1. In 1985, to celebrate Def Jam's distribution deal with the biggest record label in the world, CBS, Def Jam threw
a party catered entirely with White Castle hamburgers. The party was thrown on the roof of the legendary New
York nightclub, Danceteria. Corporate executives like Walter Yetnikoff rubbed shoulders with young street kids,
ultimately finding themselves in the middle of a White Castle food fight.
2. With a full-time staff of only seven people, Def Jam put out three multi-platinum albums in two years: LL Cool
J's Radio, the Beastie Boys' Licensed To Ill and Public Enemy's Yo! Bum Rush The Show.
3. During her Virgin Tour in 1985, Madonna refused to be photographed with her opening act, the Beastie Boys.
Four years later, on the set of Do The Right Thing, the lovable Danny Aiello refused to be photographed with
Chuck D. of Public Enemy after fellow group member Professor Griff uttered the infamous words, "Jews are
responsible for the majority of wickedness in the world" in a national newspaper.
4. In 1993, Def Jam considered signing solo deals with two rappers from a large Staten Island collective known
as the Wu-Tang Clan. Their names were Old Dirty Bastard and Method Man. In courting the rappers, a Def Jam
A&R rep named Tracey Waples took numerous trips to the dangerous neighborhood of Staten Island where
Method Man and Old Dirty Bastard lived. Ultimately, Def Jam signed only Method Man. But in 2003, Old Dirty
Bastard was offered a deal with an imprint of Def Jam, Roc-a-Fella Records.
5. A-list movie director Brett Ratner got his start directing videos for Def Jam in the early '90s. He was once
accused by Lyor Cohen of putting Def Jam out of business because Cohen didn't like how Ratner directed Eric
Sermon's "So Real" video. Steve Carr, director of such Eddie Murphy blockbusters as Dr. Doolittle 2, co-founded
Def Jam's art department in 1989, with no formal graphic design training.
6. For Public Enemy's Fear of A Black Planet cover, Def Jam's art department wanted to hire a NASA illustrator to
paint an intergalactic scene. The illustrator refused the job, saying that Def Jam's ideas were not scientifically
sound. He eventually relented, however, and created one of the most memorable hip hop covers of all time.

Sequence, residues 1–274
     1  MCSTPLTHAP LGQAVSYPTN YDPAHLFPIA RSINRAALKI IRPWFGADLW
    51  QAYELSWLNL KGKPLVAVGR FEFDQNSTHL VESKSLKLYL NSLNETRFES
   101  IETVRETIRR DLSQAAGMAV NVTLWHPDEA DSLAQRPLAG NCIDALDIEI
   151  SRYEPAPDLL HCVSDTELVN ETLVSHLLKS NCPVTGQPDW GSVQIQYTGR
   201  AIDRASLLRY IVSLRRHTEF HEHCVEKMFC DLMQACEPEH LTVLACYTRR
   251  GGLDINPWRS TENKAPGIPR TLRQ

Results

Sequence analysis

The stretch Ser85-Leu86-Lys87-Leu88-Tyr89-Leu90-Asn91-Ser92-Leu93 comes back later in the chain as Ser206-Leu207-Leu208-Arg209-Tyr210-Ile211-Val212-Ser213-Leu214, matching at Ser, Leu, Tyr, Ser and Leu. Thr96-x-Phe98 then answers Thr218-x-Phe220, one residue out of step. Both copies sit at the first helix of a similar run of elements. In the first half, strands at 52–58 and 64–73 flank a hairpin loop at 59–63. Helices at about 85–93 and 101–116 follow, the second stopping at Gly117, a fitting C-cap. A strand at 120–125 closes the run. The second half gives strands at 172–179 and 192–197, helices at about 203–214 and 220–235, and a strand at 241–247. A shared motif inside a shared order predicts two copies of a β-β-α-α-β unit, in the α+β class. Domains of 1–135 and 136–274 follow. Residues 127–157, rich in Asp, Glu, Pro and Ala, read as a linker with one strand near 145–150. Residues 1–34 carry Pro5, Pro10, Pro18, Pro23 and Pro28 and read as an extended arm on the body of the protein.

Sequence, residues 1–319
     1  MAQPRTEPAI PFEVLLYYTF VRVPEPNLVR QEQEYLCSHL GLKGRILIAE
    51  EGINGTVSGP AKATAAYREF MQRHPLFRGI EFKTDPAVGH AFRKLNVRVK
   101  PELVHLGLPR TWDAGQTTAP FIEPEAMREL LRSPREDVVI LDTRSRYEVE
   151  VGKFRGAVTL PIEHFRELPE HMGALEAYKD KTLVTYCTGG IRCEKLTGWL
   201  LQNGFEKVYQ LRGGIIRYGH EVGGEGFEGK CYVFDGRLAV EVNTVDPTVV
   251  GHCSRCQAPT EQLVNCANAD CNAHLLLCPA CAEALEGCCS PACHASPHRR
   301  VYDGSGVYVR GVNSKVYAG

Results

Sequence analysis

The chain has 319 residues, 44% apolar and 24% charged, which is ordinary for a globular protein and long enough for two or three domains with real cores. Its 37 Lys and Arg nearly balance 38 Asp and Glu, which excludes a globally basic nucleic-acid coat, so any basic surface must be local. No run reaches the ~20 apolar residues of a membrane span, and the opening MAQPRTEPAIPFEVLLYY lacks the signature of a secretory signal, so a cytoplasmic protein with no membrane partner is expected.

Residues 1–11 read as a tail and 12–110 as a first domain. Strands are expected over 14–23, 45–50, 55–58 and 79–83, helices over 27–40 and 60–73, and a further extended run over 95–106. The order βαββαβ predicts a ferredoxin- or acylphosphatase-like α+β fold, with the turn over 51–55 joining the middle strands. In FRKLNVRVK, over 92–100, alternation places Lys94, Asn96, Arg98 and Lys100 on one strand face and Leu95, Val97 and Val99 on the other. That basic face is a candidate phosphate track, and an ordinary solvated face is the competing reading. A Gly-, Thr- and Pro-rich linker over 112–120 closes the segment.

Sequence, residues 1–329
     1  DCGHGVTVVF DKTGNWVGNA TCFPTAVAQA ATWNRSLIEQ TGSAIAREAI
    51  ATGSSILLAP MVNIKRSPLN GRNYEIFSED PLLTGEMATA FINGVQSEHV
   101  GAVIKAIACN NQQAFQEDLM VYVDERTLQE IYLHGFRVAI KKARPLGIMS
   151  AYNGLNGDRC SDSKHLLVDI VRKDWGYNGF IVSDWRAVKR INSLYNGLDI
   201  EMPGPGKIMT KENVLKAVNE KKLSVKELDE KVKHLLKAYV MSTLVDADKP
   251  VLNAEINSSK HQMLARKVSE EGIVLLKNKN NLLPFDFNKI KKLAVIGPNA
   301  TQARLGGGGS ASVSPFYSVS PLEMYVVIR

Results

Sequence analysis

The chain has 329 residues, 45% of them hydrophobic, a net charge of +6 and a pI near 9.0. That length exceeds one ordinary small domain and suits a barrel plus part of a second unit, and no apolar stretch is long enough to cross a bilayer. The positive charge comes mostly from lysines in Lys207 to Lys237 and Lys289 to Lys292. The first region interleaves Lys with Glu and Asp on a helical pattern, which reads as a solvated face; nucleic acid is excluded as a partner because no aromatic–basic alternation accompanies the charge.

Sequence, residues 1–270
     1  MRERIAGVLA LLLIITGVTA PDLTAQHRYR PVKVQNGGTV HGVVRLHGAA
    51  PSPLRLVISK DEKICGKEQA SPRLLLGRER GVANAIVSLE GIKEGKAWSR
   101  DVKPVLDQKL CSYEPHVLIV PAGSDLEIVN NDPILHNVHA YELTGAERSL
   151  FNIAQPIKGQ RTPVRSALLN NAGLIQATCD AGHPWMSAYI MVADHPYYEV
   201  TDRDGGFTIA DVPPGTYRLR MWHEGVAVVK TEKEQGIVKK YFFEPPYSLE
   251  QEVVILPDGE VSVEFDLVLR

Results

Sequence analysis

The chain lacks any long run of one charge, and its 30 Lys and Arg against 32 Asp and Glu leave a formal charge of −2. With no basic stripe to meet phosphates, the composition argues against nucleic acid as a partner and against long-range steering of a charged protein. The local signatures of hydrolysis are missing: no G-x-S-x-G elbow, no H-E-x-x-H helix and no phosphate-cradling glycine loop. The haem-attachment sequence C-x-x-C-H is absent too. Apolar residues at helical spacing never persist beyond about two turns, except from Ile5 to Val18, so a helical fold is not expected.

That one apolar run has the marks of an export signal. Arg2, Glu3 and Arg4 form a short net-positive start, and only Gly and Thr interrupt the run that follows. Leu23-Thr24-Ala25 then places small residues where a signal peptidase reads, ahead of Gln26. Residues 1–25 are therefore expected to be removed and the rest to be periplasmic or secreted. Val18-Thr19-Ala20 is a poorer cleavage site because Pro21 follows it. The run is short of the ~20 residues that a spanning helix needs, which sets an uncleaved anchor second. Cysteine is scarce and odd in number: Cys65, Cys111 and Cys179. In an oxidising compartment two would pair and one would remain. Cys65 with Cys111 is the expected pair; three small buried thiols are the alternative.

7. Russell Simmons was so passionate about R&B music in the late '80s than he established Def Jam's first
imprint, called Original Black Recordings (OBR), dedicated entirely to R&B music. None of the artists on
OBR-including Alyson Williams, the Black Flames, Newkirk, and Tashan-produced big hits. Rick Rubin's
passion for hard rock also did not yield any success stories for Def Jam. He signed Def Jam's first and last metal
group, Slayer, but they were ultimately rejected by CBS, the parent company.
8. In an attempt to diversify the Def Jam brand, Lyor Cohen and Russell Simmons established an umbrella label
which they called Rush Associated Labels in 1990. The Def Jam logowas practically swallowed by the dozens of
imprints that were created under RAL, and vanished from most album covers and company stationary. The Def
Jam logo would not reappear in its original form until 1995. One of RAL's biggest misses was an imprint called
Dew Doo Man, which was headed by De La Soul producer Prince Paul.
9. Rick Rubin had discovered LL Cool J and produced his debut album on Def Jam, Radio, but he had nothing to
do with LL's biggest hit in the '80s, "I Need Love." The song was the brainchild of two unknown producers from
LA called The L.A. Posse.
10. Chuck D. gave exposure to Rick Rubin before Rubin exposed Chuck D. to the world. Before they ever met,
Chuck frequently played "It's Yours," the first hip hop that Rubin produced in 1984, on his Long Island-based
11. In the late '80s, Def Jam developed a 1-900 line for their artists, including Slick Rick and LL Cool J. Money from
the phone line was coming in so rapidly and was so mismanaged that checks were often found lying on the office
12. When it came time to design the cover for the Less Than Zero soundtrack, which Rick Rubin produced and Def
Jam was putting out in late 1987, Rubin wanted no reference to the film on the cover. As a result, the first printing
of the soundtrack used a different image than the film's poster and did not mention the film title at all. This was
the first time that the studio behind the film, Fox, deviated from its PR campaign.
13. Def Jam was always a close-knit, family-style operation, especially in the 1980s. But not all the artists got
along. Slick Rick had a conflict with Jam Master Jay of Run-DMC that almost escalated to a fist-fight during one
tour, while the Beastie Boys and 3rd Bass openly dissed each other on their records.
14. In the early '90s, Def Jam's marketing department spent hours calling in video requests to the pay-per-video
channel, The Box. Unable to rely on MTV to break Def Jam videos, "jacking the Box" became the best way to
expose Def Jam artists to the nation.
15. At their prime, the Beastie Boys had several high-profile projects fall through at the last minute. One was a
skateboard deal with the biggest skateboard manufacturer, Visison. The other was a sitcom on MTV called "Scared Stupid". Neither got out of the gate.